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This Much I Do Remember

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This Much I Do Remember

A poem from Billy Collin’s collection Picnic, Lightning. Carry it in your pocket.

It was after dinner.

You were talking to me across the table

about something or other,

a greyhound you had seen that day

or a song you liked,

and I was looking past you

over your bare shoulder

at the three oranges lying

on the kitchen counter

next to the small electric bean grinder,

which was also orange,

and the orange and white cruets for vinegar and oil.

All of which converged

into a random still life,

so fastened together by the hasp of color,

and so fixed behind the animated

foreground of your

talking and smiling,

gesturing and pouring wine,

and the camber of you shoulders

that I could feel it being painted within me,

brushed on the wall of my skull,

while the tone of your voice

lifted and fell in its flight,

and the three oranges

remained fixed on the counter

the way that stars are said

to be fixed in the universe.

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Derek Walcott

The time will come
when, with elation
you will greet yourself arriving
at your own door, in your own mirror
and each will smile at the other’s welcome,
and say, sit here. Eat.
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The Love Song of J. Alfred Prufrock by T.S. Elliot

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let us go then, you and I, When the evening is spread out against the skyline a patient etherized upon a table; Let us go, through certain half-deserted streets, The muttering retreats Of restless nights in one-night cheap hotels And sawdust restaurants with oyster-shells: Streets that follow like a tedious argument Of insidious intent To lead you to an overwhelming question…Oh, do not ask, “What is it?” Let us go and make our visit.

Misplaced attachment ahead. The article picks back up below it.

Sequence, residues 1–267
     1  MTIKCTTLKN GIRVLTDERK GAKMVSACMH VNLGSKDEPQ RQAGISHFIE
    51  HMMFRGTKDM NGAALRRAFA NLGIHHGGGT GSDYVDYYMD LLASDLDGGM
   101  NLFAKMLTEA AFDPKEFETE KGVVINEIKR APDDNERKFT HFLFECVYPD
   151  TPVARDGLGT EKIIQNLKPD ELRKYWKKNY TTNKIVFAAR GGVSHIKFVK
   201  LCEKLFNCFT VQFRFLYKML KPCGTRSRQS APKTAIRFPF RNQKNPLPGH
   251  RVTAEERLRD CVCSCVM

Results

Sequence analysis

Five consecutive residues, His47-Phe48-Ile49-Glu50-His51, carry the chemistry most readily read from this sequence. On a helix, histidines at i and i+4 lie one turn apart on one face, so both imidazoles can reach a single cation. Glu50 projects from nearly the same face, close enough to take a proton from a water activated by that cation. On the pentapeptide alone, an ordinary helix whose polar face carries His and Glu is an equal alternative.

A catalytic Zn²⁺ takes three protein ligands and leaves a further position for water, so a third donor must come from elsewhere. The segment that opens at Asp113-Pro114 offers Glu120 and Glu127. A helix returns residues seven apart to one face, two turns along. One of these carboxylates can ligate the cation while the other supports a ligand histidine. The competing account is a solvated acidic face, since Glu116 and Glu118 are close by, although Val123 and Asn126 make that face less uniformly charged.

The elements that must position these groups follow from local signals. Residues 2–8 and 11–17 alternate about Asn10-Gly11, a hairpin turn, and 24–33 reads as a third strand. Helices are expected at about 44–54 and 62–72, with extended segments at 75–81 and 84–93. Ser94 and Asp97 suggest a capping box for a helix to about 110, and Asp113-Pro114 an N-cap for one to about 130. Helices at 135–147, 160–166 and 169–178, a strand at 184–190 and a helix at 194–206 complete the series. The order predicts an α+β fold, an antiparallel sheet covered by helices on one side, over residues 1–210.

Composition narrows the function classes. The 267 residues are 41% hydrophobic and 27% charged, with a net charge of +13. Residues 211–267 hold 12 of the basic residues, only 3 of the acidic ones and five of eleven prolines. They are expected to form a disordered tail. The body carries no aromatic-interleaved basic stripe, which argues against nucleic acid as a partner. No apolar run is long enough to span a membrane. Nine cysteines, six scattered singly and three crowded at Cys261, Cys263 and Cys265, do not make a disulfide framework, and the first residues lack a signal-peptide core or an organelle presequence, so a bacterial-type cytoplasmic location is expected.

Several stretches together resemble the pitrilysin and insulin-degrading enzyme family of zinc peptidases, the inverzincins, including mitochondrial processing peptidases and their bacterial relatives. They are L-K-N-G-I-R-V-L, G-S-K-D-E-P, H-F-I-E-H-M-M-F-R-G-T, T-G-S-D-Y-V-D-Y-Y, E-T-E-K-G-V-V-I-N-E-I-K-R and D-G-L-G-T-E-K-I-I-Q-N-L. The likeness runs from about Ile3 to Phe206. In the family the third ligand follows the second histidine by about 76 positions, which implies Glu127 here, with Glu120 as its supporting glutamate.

In the room the women come and go Talking of Michelangelo.

The yellow fog that rubs its back upon the window-panes, The yellow smoke that rubs its muzzle on the window-pane slicked its tongue into the corners of the evening, Lingered upon the pools that stand in drains, Let fall upon its back the soot that falls from chimneys, Slipped by the terrace, made a sudden leap, And seeing that it was a soft October night, Curled once about the house, and fell asleep.

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I Believe…

Classic pink car at beach

“I believe in pink. I believe that laughing is the best calorie burner. I believe in kissing, kissing a lot. I believe in being strong when everything seems to be going wrong. I believe that happy girls are the prettiest girls. I believe that tomorrow is another day and I believe in miracles.”

-Audrey Hepburn

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The best goal is no goal…

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“With the past, I have nothing to do; nor with the future. I live now.”

~Ralph Waldo Emerson

Post written by Leo Babauta

The idea of having concrete, achievable goals seem to be deeply ingrained in our culture. I know I lived with goals for many years, and in fact a big part of my writings here on Zen Habits are about how to set and achieve goals.

These days, however, I live without goals, for the most part. It’s absolutely liberating, and contrary to what you might have been taught, it absolutely doesn’t mean you stop achieving things.

It means you stop letting yourself be limited by goals.